April 29, 2009 at 05:28 PM ·

Actually, I hadn't thought about the bad habits vs. starting from scratch thing. That's a very good point! And if you could learn the real basics and foundations from someone who knows what they are doing really well, then that would be really ideal.

Definitely give it a try and see what she says. I'm sure if she can't take you she will be able to recommend someone else who can.

April 29, 2009 at 05:45 PM ·

Get in contact with this teacher pronto and tell her what you're looking for.  Being at RIT gives you access to amazing musicians that are studying at eastman.  See if by talking to her she can put you in contact with graduate students or even undergrads that will be there during the summer and would like to gain experience teaching a beginner.

April 29, 2009 at 07:48 PM ·


You will probably not be able to talk your way into a conservatory teacher's studio by proclaiming your love for the instrument. The reality is that at music schools, especially those with grad students, the grad students are the ones that teach beginner/non-majors. You will almost definitely be assigned a grad student if any are available. Teachers at that level simply do not take beginners for credit--those places are reserved for professional-level students. Remember that teachers at this level are judged by the level of their students, and their no. 1 priority is to try and recruit the most talented and advanced students possible so that others will flock to their studio.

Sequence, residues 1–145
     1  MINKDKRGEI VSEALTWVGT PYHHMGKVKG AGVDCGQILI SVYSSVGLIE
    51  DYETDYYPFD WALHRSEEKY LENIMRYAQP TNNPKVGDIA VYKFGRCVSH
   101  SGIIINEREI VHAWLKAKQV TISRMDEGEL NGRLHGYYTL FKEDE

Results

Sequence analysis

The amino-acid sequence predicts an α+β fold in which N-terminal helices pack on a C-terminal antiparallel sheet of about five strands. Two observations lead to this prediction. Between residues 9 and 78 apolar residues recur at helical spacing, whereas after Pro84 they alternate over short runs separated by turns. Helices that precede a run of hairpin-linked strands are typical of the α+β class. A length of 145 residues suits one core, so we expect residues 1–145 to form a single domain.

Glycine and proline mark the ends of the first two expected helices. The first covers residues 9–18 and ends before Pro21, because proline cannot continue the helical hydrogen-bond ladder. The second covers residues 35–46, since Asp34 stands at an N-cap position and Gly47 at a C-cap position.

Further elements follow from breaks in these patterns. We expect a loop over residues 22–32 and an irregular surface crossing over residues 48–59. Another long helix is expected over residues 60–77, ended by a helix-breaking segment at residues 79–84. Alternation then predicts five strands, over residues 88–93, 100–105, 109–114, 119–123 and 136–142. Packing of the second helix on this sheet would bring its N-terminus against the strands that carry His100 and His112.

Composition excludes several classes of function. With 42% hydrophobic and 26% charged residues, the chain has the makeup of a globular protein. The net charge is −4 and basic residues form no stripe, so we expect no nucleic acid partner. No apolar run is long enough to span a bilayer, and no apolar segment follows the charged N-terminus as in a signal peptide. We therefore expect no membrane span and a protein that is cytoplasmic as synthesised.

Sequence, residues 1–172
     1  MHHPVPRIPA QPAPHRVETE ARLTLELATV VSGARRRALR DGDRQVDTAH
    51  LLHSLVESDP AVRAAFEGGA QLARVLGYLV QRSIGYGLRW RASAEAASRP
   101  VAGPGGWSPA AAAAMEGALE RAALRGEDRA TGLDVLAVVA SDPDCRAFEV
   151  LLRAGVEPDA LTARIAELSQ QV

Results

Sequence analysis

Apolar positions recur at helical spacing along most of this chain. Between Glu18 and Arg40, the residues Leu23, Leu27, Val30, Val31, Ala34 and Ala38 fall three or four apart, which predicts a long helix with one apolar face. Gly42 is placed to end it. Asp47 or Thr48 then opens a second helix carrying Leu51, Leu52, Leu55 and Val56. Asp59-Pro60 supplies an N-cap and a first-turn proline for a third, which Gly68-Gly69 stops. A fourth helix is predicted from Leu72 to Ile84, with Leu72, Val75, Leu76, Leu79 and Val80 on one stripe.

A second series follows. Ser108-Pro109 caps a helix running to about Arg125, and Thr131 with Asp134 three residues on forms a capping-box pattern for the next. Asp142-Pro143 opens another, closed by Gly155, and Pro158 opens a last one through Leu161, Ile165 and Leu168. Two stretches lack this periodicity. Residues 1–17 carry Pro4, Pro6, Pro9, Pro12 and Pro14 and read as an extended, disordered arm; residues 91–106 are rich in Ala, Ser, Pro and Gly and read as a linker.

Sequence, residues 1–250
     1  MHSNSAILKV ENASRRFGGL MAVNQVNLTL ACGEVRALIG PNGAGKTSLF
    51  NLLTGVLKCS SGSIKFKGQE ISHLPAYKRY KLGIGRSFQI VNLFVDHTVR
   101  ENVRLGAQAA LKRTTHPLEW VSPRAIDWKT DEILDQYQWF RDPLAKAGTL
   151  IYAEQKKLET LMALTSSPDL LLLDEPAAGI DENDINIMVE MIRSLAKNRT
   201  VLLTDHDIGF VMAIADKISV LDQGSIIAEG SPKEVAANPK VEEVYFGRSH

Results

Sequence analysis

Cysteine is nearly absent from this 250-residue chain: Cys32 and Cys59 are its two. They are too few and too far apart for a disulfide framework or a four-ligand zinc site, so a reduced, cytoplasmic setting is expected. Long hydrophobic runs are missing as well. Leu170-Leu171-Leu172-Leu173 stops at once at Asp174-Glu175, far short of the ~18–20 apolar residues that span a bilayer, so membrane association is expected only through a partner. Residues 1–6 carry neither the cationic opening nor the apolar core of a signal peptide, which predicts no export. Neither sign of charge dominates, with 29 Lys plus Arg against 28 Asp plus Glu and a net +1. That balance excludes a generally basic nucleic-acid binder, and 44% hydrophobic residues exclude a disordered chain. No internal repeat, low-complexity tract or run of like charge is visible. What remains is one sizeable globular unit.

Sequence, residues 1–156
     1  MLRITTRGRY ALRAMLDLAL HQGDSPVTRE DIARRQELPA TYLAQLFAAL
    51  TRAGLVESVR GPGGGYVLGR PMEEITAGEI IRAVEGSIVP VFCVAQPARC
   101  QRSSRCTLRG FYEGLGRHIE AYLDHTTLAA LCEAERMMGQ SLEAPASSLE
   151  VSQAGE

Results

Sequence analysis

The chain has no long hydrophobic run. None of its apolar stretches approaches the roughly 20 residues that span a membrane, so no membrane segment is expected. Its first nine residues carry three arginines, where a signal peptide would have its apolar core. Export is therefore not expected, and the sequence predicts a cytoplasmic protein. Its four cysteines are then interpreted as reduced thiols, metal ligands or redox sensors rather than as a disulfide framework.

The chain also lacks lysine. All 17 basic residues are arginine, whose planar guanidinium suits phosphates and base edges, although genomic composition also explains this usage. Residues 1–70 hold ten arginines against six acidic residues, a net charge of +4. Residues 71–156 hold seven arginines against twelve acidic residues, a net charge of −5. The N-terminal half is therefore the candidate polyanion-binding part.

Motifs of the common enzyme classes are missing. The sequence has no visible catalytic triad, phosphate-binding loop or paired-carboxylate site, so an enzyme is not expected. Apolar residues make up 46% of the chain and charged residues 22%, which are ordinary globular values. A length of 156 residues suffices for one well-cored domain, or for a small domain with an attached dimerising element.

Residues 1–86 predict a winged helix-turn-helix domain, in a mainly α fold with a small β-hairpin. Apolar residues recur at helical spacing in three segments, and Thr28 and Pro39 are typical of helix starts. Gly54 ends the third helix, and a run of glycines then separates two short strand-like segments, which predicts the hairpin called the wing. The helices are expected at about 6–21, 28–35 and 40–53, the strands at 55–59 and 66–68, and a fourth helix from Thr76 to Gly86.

My college teaching is a bit different--we don't have a strings program, so it's really up to me, and I seldom get more than 1 or 2 per year who want lesson, which has been fine since I care for a toddler during the day. And the university pays me less than my going hourly rate. Just depends on what else I have going on. The situation is much different at a conservatory.


April 29, 2009 at 09:07 PM ·

Hi, I'm not perfectly sure where the definition of a conservatory starts or ends, but as far as I know I wouldn't be studying at one. This course is a part of the College of Liberal Arts, and we do not even have a music major - only a minor and a concentration where all but two of the 10 week courses are theory.

Given those circumstances, and after reading everyone's comments, I believe the best course of action is to talk to the teacher and determine what she thinks.

Alas, I'm going to have to go to the minor advisor first, since I can find no contact information anywhere. :(

April 29, 2009 at 11:47 PM ·